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Brexit - implications to personal finance 

findependent
Posts: 53

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7/15/2016
findependent
Posts: 53
Thanks njhowie

Always insightful. I appreciate the simple explanation and now I get it

I just sold my Edv positions, it dropped nearly 3 percent in a day yesterday....

Timing is everything
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njhowie
Posts: 77

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7/15/2016
njhowie
Posts: 77
Your EDV position works so long as interest rates go/stay lower. Should rates go up, EDV will drop. You need to remember that bond prices move inversely to interest rates. The only way EDV spikes up with the market tanking is if the response is that interest rates move lower as a result. If the market tanking is triggered by interest rates increasing, then EDV goes lower. So, just be aware of the inverse relationship to interest rates and that it is the only thing driving the price of EDV. You should note that it does not necessarily move in the opposite direction of the market - since brexit the US market is up something like 7%. As it applies to Dalio's suggestion of keeping a hefty portion in intermediate/long-term treasuries, if interest rates go up, the value of those treasuries tank. So, I have to believe if he's recommending that today, he has to be of the mindset it's being done to hold them until maturity for the security/stability of the interest payments and protection of the principal.

As far as CDs, the rates are terrible these days, but still better than the equivalent maturity treasury. Today, to get 1% you have to go out to 2 year maturity. For 2% you now have to go out to 9 or 10 years (10 year treasury this morning is about 1.5%). I buy/hold the CDs in my brokerage account - you may be able to find somewhat better rates going directly to some of the online banks, but if you walk into your local bank the rates are likely much lower. I've laddered my CDs out to about 5 years (I hold about 20 individual CDs at this time - but no longer rolling them over when they mature because the rates have gotten too low. My longest maturity ones purchased last year are trading in the market well above face value (I could actually sell today for face value + over 1 years worth of interest payments...which is mind boggling) - this is the same as what you see with EDV and the price of treasuries as well as most corporate bonds.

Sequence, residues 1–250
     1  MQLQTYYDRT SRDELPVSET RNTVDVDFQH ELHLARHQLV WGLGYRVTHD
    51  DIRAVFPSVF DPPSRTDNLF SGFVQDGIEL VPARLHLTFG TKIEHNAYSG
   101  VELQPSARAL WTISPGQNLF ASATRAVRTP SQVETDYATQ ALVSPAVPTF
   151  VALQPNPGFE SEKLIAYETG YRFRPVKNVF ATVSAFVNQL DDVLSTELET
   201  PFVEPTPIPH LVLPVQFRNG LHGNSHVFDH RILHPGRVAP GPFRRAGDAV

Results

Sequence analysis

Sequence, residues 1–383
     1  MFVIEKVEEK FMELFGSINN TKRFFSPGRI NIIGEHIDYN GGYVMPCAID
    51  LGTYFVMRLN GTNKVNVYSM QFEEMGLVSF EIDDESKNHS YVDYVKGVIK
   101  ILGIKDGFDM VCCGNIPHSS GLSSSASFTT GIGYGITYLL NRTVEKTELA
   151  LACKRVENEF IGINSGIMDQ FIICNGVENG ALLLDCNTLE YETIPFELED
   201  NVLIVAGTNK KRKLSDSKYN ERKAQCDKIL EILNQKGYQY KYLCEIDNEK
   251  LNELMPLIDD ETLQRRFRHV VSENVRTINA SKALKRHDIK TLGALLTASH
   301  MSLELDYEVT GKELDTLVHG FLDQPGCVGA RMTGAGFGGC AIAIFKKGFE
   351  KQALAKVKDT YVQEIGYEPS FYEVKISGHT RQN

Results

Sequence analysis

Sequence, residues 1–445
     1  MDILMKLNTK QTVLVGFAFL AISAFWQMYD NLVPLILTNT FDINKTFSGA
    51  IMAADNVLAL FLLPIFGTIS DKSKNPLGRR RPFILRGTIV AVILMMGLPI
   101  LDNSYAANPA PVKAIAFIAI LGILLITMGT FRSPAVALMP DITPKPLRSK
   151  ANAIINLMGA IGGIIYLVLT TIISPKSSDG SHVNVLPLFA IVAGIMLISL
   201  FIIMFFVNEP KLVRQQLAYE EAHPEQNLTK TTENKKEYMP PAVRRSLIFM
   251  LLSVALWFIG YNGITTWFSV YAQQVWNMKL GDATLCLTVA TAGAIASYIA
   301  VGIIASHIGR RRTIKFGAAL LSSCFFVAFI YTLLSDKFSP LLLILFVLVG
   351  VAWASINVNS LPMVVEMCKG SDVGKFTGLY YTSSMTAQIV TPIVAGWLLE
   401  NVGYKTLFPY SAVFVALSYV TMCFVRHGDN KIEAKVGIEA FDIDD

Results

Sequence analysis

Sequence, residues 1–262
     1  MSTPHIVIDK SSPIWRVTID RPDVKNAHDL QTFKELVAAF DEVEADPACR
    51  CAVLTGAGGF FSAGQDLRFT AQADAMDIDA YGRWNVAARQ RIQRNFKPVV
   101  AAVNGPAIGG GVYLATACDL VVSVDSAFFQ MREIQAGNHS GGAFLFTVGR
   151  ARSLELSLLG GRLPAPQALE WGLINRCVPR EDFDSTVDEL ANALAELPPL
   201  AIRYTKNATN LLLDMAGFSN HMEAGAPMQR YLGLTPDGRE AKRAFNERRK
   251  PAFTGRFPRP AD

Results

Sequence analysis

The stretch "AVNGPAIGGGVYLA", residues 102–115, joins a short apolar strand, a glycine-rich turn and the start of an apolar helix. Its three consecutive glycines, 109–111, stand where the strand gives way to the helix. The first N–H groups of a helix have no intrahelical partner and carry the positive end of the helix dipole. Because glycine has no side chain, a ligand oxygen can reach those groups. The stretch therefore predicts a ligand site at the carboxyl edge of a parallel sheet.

edited by njhowie on 7/15/2016
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findependent
Posts: 53

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7/13/2016
findependent
Posts: 53
NJhowie, thanks for your thoughts on this, I hear you. but I don't totally understand as I am not that deep on yields etc.

Here is my take - what about if you could trade in and out of long term teresuriues with EDV etf. Note, EDV is up 3.21% to the close yesterday since brexit.

I am definitely not buying and holding EDV till the maturity of the bonds. I am simply attemptig to ride it as the fundamentals of the equity market deteriorate. In my rudimentary analysis it seems to move in the opposite direction of the market. If the market tanks I think this will spike up

what kind of yield are you seeing with CDs. I have been in CDs since 2002 ING.. this were the days = )
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njhowie
Posts: 77

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7/13/2016
njhowie
Posts: 77
Thanks for the link.

This raised my eyebrows:
“Then you need long-term government bonds. 15% in intermediate term (7- to 10-year Treasuries) and 40% in long-term bonds [20- to 25-year Treasuries].”